00:15:53   The "We're Returning After a Break"

00:15:56   and also the episode where they've just produced

00:16:00   this incredible musical that has received all this wide acclaim.

00:16:03   So they're everywhere at this point because the Book of Mormon, you know, it's sweat,

00:16:07   you know, it had like every Tony nomination, which also happened in that week. They got

00:16:12   a ton of Tony nominations, right? Like because the Book of Mormon was huge. It was just huge,

00:16:18   right? And so there's so much pressure on them. They've probably got more people that

00:16:24   are wanting to see South Park than they have had in a while because they're not, they're

00:16:29   hot and in the news again. I can't even imagine. I just can't.

00:16:35   But it is like the universe is so cruel. Like this poor guy is just trying to turn off his

00:16:38   brain for a little bit and it's like South Park coming this Wednesday. I just can't imagine

00:16:43   what that feels like to be sitting there thinking like, "Oh, this Wednesday? I guess I need

00:16:47   to come up with it." You know? God, it's just awful.

00:16:52   This episode of Cortex is brought to you by Audible. Audible has an unmatched selection

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00:17:23   to help you fill the time. You'll be looking for excuses to wash some dishes.

00:17:28   If you've enjoyed listening to the working conditions at the South Park Studios, then

00:17:33   I'm going to recommend a book I read recently to you which is called Masters of Doom, How

00:17:39   Two Guys Created an Empire and Transformed Pop Culture by David Kushner. I played a lot

00:17:45   of Doom when I was a kid, but I didn't really know anything about the development of it

00:17:49   and this book covers how John Carmack and John Romeo came together to create a thing

00:17:55   that sucked thousands of hours out of my childhood.

00:17:59   It's a very interesting look at what could be described as a troubled working environment.

00:18:06   You can't make more time, but you can make the most out of it.

00:18:10   Turn your chores into something more with a free trial at Audible.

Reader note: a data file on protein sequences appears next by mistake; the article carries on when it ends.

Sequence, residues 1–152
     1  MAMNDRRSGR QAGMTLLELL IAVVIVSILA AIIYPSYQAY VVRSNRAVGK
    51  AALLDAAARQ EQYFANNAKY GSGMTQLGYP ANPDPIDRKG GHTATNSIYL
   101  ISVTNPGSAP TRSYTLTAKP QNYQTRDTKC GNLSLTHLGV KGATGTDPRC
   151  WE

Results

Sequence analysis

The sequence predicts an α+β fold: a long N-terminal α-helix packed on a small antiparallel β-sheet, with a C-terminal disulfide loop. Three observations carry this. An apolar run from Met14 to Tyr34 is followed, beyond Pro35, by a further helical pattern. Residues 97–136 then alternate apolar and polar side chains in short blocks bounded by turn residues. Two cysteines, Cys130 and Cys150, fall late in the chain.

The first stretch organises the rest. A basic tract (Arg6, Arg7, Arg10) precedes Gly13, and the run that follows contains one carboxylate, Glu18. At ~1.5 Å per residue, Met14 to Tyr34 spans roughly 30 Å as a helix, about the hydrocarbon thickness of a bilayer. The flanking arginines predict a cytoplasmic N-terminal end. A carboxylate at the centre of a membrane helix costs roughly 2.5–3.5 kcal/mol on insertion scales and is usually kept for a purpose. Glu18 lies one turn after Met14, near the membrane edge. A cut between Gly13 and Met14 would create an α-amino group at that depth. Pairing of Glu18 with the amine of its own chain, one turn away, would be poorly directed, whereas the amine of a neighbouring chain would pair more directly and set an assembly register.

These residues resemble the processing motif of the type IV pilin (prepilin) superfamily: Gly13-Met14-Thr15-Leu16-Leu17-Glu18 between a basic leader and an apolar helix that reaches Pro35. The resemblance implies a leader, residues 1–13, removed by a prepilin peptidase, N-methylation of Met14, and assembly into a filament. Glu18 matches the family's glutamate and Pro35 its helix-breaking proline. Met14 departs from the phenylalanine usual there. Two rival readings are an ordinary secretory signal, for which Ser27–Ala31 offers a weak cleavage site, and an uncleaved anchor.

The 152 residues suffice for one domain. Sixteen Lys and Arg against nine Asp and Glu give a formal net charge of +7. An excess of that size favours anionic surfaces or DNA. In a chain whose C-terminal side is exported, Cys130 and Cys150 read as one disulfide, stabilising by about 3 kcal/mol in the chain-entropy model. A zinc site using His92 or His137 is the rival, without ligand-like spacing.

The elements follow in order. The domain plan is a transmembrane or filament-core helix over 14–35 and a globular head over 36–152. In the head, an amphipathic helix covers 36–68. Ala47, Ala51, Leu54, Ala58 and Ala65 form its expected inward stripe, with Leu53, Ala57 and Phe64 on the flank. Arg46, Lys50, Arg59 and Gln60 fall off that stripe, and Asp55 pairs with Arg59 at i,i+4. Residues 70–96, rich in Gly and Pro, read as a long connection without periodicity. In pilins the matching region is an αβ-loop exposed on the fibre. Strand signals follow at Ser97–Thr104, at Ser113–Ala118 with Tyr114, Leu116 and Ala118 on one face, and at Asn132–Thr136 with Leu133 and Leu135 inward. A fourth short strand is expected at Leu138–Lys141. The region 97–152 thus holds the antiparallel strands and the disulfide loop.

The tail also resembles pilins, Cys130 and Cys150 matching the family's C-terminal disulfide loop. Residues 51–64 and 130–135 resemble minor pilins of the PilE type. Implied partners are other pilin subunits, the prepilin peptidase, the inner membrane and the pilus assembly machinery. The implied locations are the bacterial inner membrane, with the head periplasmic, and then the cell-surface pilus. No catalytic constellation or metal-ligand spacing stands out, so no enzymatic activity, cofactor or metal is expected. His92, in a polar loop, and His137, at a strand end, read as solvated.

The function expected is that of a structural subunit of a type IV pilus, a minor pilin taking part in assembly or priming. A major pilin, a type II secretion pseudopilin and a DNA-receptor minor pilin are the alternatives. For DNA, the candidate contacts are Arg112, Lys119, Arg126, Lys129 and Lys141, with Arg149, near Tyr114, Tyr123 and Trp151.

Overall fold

00:18:14   Go to audible.com/cortex to find out more and start your trial today,

00:18:20   and maybe give Masters of Doom a listen.

00:18:23   Thank you to Audible for supporting the show.

00:18:25   The thing about this documentary that I find so fascinating is

00:18:29   so many people talk about how they work better under deadlines.

00:18:35   And personally, that is a thing that I have not found is true for me.

00:18:39   I work worse under deadlines, but obviously it does work for a lot of people.

00:18:44   and this feels like the most extreme version of that I have ever seen.

00:18:52   That not only do Trey Parker and Matt Stone work well under deadlines

00:18:58   because they produce these very popular, very funny shows,

00:19:03   but they've also created around them an entire team and production company

00:19:10   company that just has to be filled with people who work well under deadline.

00:19:16   There's a quote from the animation director, I think, and he says, "If it takes you four days

00:19:22   to get something done, you can't contribute." Right? Like, if you are slow, they can't,

00:19:29   you can't work there. And like they're saying that in usual animation houses,

00:19:33   you have teams of people that do the specific parts, right? Storyboarding and then animating

00:19:38   and that kind of stuff. But the South Park team, everybody does everything because they

00:19:45   just don't have the affordances of time to have it go through a slow process. You know,

00:19:50   you get a scene or whatever that you're working on and you will do it from scratch. And there

00:19:56   are things that they have obviously done over time, right? Like their process has been optimized

00:20:01   in an animation style to allow for them to create something in that amount of time, right?

00:20:08   Like the well-known, like what started with literal pieces of paper cut out and moved

00:20:14   around in stop motion. I have no doubt that that style of animation helps them to work

00:20:19   a little bit faster.

00:20:20   Oh yeah, oh yeah. I mean there was this funny thing where, you know, now as an adult who

00:20:28   has a tiny toe in the world of animation, but from my perspective watching this documentary

00:20:34   it's really interesting just a couple of little offhanded comments that the animators make.

00:20:38   I was like, oh of course I can see exactly what this is, where yeah they talk about how, oh this

00:20:44   style is intentionally done because you don't have to actually draw every frame. That in animation

00:20:53   there's this process where you can have a static thing, you can draw something, and then you can

00:20:59   just specify, oh, it has to move from here to here, and the computer fills in that motion in between.

00:21:06   And I'm listening to it like, that's what I do! Like, that's exactly my animation process. Like,

00:21:10   I don't draw every frame. You know, every one of my videos is in a much simpler way,

00:21:17   but it's the same thing where I'm taking objects and specifying keyframes of this needs to move

00:21:23   from here to there in an arc and computer you just draw the 60 frames in between that needs to make that happen

00:21:29   but I was also just so aware of that that

00:21:33   you know their comparison to The Simpsons takes months to produce an episode is like well, yes

00:21:38   but this The Simpsons even if they're using computers to help

00:21:43   The The Simpsons is not composed fundamentally of

00:21:47   geometric shapes that you're sliding around and